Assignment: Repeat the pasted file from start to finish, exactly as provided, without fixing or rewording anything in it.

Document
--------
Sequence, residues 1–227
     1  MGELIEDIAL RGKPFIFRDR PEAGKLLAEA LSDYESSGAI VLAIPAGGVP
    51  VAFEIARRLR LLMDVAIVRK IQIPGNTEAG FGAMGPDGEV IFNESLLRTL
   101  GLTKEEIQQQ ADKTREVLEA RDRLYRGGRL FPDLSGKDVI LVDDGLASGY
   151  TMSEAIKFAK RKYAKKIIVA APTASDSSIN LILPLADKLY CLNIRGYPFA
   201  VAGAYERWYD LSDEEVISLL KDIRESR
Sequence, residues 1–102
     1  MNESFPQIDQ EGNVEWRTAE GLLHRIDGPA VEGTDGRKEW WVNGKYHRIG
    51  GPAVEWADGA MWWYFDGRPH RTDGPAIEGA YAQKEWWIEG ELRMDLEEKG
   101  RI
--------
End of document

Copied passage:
Sequence, residues 1–227
     1  MGELIEDIAL RGKPFIFRDR PEAGKLLAEA LSDYESSGAI VLAIPAGGVP
    51  VAFEIARRLR LLMDVAIVRK IQIPGNTEAG FGAMGPDGEV IFNESLLRTL
   101  GLTKEEIQQQ ADKTREVLEA RDRLYRGGRL FPDLSGKDVI LVDDGLASGY
   151  TMSEAIKFAK RKYAKKIIVA APTASDSSIN LILPLADKLY CLNIRGYPFA
   201  VAGAYERWYD LSDEEVISLL KDIRESR
Sequence, residues 1–102
     1  MNESFPQIDQ EGNVEWRTAE GLLHRIDGPA VEGTDGRKEW WVNGKYHRIG
    51  GPAVEWADGA MWWYFDGRPH RTDGPAIEGA YAQKEWWIEG ELRMDLEEKG
   101  RI